If exposure to Asia is what your portfolio lacks, your options within the South African tax-free investment environment are limited. Japan might no longer be the economic powerhouse of yore, but the Deutsche Bank MSCI Japan ETF offers local investors an opportunity to get great value at a good price, says Galileo Capital’s Warwick Lucas.
Hint: Outside of the tax-free environment, the Deutsche Bank China ETN offers more exotic exposure. Read Nerina Visser’s view on the investment case for China here.
Deutsche Bank MSCI Japan ETF gives investors exposure to 319 Japanese companies, including some of Japan’s biggest exports. Heavyweights like Toyota, Mitsubishi, Honda and Sony, while represented in Asia, also operate in most other global territories. The fund currency is Japanese yen, offering an alternative not only to rand-based investments, but also to major currencies.
“In our portfolios domiciled outside of South Africa we make use of currency hedging options against the yen. Japanese equities, much like the JSE, is a pro-cyclical market, so when the currency is weak, the market is strong and vice versa,” explains Lucas.
According to Lucas, hardcore value investors are sure to have a field day with this ETF. “If North America stands out for high valuations, Japan stands out for low ones. A third of the Japanese stock market has a cash flow yield of over 15%. No other developed market comes close. Valuations are so low, that we view Japan as attractive for both aggressive and conservative investors alike.”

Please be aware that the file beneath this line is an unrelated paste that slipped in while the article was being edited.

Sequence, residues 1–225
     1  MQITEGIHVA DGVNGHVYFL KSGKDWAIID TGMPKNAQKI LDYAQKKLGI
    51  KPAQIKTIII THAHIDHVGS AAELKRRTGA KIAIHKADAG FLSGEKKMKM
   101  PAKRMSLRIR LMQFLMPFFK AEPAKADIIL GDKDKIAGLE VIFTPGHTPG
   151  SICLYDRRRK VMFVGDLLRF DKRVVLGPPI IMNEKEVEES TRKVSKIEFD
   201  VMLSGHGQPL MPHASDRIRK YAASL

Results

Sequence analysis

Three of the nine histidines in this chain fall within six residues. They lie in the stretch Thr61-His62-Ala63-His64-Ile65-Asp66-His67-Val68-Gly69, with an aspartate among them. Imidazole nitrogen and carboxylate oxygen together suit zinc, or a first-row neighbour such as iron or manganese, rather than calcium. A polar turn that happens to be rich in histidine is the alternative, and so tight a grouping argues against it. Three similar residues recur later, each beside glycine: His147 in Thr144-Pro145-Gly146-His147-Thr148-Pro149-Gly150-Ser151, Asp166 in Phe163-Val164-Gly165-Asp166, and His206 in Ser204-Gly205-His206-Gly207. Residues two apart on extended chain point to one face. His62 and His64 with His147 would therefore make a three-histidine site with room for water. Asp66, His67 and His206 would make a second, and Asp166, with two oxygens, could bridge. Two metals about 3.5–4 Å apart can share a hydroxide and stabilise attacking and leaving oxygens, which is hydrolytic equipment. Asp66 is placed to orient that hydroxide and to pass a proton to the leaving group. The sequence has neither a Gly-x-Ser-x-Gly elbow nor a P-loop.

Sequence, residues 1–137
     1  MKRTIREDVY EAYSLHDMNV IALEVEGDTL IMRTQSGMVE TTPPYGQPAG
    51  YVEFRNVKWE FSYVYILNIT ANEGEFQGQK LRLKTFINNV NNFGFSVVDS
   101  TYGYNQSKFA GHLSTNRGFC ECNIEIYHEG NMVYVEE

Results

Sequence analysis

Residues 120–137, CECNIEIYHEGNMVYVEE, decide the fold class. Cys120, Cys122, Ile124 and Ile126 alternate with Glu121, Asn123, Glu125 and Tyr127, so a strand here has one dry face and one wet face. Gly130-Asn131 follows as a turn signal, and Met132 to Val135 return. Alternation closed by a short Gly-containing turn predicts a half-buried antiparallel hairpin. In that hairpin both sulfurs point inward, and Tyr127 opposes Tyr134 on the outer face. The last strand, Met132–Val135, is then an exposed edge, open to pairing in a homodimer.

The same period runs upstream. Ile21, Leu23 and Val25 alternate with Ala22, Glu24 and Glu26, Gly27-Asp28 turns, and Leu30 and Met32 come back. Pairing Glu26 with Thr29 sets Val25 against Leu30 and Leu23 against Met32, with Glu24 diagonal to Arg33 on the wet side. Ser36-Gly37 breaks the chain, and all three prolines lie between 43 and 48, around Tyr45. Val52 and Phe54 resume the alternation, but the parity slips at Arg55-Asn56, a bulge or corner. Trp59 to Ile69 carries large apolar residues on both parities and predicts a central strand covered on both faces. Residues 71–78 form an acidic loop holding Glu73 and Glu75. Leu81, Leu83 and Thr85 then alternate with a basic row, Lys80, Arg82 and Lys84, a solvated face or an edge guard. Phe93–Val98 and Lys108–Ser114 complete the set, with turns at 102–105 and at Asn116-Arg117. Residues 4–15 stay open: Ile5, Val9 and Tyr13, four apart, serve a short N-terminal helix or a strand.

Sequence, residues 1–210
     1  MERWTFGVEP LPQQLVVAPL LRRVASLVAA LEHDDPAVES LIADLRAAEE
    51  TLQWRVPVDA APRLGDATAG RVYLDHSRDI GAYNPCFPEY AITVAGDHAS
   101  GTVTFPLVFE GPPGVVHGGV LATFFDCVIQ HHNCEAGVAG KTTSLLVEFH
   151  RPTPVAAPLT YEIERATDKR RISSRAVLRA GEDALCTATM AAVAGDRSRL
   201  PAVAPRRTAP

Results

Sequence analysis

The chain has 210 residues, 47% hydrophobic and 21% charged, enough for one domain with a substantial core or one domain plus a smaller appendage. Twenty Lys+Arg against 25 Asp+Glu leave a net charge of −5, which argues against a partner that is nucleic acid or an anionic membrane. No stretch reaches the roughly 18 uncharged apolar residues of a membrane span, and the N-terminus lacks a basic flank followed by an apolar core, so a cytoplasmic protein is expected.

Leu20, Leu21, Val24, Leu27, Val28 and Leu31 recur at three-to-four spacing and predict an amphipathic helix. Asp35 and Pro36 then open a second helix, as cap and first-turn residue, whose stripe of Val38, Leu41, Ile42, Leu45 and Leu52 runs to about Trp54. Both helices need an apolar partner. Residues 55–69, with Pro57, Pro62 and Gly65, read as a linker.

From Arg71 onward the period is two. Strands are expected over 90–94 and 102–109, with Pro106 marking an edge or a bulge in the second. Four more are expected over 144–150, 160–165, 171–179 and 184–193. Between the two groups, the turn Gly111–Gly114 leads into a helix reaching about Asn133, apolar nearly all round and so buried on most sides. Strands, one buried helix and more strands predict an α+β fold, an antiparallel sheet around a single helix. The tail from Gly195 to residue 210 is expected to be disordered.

In addition to great value, Japanese companies are encouraged to increase dividend payouts from a low base, creating further earning opportunities for investors in this ETF. Adds Lucas, “Japan’s not just cheap, we like the buyers underpinning its markets. Members include the Bank of Japan, Japanese corporates, the Government Pension Investment Fund, and Japanese households.
“The BoJ is committed to buying ¥6 trillion in ETFs annually. Corporate Japan is on course to buy back ¥6 trillion in stock this year. The GPIF, the biggest pension fund in the world, is leading the way by raising its equity weight to 25% of assets, which implies it will buy ¥5 trillion in stocks this year. And in the first six months of this year, Japanese households, via NISAs, bought ¥2 trillion, or ¥4 trillion annualised.”
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